The volcanic landscape of Lanzarote scattered with whitewashed villages has an austere quality, with spiky cactus and exotic palms, softened by a fringe of golden beaches. Situated just off the coast of Africa, the climate of the Canary Islands is balmy year round, making this a favourite winter sun destination. But look beyond the popular holiday resorts and you’ll find plenty of things to do in Lanzarote, from vineyards and volcano tours to the many cultural attractions designed by artist Cesar Manrique.
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My top 5 things to do in Lanzarote
With so many amazing places to visit in Lanzarote (read on for over 30 that I recommend!), you may not have time to see them all, even on the typical 7-10 day break. So for those short of time I’ve listed my top 5 things to do first, to get you started.
- Timanfaya National Park or the surrounding Parque Natural de los Volcanes – to discover the unique volcanic landscapes of Lanzarote.
- Take a wine tour and go bodega hopping in the La Geria wine region – to taste the quality white wines and see how the vineyards thrive, despite the lack of water.
- Visit Playa Papagayo and the string of rocky coves nearby – beautiful and undeveloped, they sit within a protected reserve, for sheltered swimming on the warm south coast of Lanzarote.
- Visit Jameos del Agua, created by celebrated local artist Cesar Manrique – it’s a volcanic cave, turquoise lagoon, restaurant and events space all in one. If you can’t make it, try and visit at least one of the Cesar Manrique sites scattered around Lanzarote.
- Take a day trip to La Graciosa – the smaller island to the north of Lanzarote which is just half an hour by ferry and great for cycling and swimming.
1. Timanfaya National Park
The austere landscape of Lanzarote is shaped by the volcanic eruptions of the past, notably those from 1730-1736. During these six years a third of the island was covered with lava flow and ash. The Timanfaya National Park was created in 1974, taking a slice out of the surreal moonscape left by the cooling lava and it’s one of the most popular things to see in Lanzarote.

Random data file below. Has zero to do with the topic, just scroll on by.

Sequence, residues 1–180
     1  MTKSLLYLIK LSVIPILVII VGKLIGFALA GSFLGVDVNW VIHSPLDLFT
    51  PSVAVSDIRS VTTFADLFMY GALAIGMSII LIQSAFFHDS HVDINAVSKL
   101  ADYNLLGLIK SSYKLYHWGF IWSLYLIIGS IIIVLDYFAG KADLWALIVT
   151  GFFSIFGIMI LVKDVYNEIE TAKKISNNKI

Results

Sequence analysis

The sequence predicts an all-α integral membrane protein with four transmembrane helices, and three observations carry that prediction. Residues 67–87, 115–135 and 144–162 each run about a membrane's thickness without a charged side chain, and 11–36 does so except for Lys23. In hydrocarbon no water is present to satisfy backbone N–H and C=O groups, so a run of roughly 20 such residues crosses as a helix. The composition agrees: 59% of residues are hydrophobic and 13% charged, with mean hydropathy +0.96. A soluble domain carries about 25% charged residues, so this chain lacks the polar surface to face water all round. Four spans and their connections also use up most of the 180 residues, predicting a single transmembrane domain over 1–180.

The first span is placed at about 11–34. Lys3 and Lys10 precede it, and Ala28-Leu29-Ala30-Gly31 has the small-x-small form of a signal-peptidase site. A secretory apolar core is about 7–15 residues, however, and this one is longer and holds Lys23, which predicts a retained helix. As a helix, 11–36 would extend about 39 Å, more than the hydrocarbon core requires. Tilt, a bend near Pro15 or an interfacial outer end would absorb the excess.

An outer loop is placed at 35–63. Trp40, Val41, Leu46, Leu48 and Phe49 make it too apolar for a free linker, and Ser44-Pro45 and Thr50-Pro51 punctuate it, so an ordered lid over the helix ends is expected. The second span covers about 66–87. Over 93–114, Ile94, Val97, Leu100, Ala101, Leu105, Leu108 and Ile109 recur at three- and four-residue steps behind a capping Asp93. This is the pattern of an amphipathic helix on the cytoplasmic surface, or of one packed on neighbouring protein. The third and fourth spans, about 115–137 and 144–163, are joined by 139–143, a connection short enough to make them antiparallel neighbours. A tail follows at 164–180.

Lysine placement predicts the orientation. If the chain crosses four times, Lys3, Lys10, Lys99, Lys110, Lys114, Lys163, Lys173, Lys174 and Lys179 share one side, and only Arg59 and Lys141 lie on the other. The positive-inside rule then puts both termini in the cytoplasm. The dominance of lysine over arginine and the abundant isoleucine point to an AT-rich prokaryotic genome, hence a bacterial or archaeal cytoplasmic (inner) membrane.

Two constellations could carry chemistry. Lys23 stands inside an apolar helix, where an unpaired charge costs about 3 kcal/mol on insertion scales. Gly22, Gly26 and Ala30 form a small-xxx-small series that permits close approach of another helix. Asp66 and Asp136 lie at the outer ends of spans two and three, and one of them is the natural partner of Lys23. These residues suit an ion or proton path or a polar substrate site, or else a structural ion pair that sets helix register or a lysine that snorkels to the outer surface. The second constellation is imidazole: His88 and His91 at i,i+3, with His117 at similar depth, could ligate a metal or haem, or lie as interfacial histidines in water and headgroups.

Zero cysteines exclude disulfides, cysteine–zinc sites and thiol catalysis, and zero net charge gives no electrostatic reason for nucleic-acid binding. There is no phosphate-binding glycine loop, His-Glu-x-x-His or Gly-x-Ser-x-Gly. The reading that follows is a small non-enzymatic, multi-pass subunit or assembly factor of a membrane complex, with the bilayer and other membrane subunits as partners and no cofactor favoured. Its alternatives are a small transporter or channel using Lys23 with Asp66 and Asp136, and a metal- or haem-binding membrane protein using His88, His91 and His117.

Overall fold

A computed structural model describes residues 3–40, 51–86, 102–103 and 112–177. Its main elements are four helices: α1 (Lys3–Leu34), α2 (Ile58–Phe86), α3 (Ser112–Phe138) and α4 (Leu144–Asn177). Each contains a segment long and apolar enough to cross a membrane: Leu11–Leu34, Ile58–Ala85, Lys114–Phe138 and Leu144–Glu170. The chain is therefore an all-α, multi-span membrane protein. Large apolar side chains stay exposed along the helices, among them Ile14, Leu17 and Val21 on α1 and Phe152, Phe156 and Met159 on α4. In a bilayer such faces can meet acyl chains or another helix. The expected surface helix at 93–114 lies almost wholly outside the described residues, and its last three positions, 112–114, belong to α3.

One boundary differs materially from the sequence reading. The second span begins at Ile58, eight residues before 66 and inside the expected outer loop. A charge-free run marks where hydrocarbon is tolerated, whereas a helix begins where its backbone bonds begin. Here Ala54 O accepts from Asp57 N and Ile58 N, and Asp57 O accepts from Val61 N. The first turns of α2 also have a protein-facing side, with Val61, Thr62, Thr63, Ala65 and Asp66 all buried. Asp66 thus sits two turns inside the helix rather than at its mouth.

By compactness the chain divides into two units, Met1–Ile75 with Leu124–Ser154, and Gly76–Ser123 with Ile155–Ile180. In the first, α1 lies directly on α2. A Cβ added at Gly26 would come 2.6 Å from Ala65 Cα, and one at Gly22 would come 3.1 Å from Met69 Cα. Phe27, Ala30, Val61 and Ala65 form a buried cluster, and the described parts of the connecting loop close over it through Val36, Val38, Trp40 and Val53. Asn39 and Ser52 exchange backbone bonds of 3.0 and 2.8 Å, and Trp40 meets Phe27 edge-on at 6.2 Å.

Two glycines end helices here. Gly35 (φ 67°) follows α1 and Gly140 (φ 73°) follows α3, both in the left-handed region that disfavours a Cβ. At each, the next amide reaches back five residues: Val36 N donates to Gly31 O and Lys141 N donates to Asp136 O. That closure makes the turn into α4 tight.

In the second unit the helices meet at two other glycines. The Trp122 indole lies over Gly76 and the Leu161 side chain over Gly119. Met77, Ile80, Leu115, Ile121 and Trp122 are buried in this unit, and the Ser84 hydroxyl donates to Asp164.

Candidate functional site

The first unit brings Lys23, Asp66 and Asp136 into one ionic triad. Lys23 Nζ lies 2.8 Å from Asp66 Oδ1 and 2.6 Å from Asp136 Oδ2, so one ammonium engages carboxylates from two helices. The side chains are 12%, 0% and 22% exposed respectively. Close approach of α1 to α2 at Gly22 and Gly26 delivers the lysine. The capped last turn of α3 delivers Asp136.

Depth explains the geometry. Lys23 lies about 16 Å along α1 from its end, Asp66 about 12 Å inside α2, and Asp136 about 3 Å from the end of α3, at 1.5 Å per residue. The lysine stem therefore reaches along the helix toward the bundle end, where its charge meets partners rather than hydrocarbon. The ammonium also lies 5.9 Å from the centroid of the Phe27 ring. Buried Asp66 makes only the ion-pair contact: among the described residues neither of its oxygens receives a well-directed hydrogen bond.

There are several different things to do within the park, which is accessed from the road between Mancha Blanca and Yaiza. Since the different attractions are spread along the road, you’ll ideally need to visit the Timanfaya National Park by car or take a guided tour.
What to see in Timanfaya National Park
Timanfaya National Park tickets (cost €12 per adult) are available at the booth for the Montañas del Fuego or Fire mountains, allowing you to drive up the access road to the car park. Leaving your car here, the ticket includes a 30 minute coach tour on the Ruta de los Volcanes that winds through the park to view the charcoal and ochre moonscape.
At the end of the tour the guides create a water geyser and demonstrate the geothermal heat of the active volcano. You can also access the adjoining El Diablo restaurant designed by Cesar Manrique where chicken and steaks are roasted over an open barbeque, heated by underground volcanic activity.
A little further along the main road towards Mancha Blanca is the Timanfaya visitor centre. It’s free to visit and has a viewing platform over the volcanic lava fields, as well as interesting displays to explain the volcanic activity.
Also just off the road in the Yaiza direction is the Echadero de Camellos or camel station. Here you can take a ride in the camel train and visit the small museum to learn how camels were used in the past to work the land. The cost is €12 per camel for 2 people for a 20 minute ride.
Visitors on a budget can drive along the Mancha Blanca to Yaiza road through the park and look around the visitor centre for free. If you don’t want to pay for the Montañas del Fuego tour, an alternative is to drive to the parking spots in the nearby Parque Natural de los Volcanes, where there are interpretation boards and walking trails to some of the volcanoes.
To learn more about the park and activities available, read my article: Timanfaya National Park and the volcanoes of Lanzarote
2. Parque Natural de los Volcanes
Much of the volcanic landscape outside the Timanfaya Park is included in the Parque Natural de los Volcanes. There are parking areas with information boards and walking trails to a number of the volcanoes.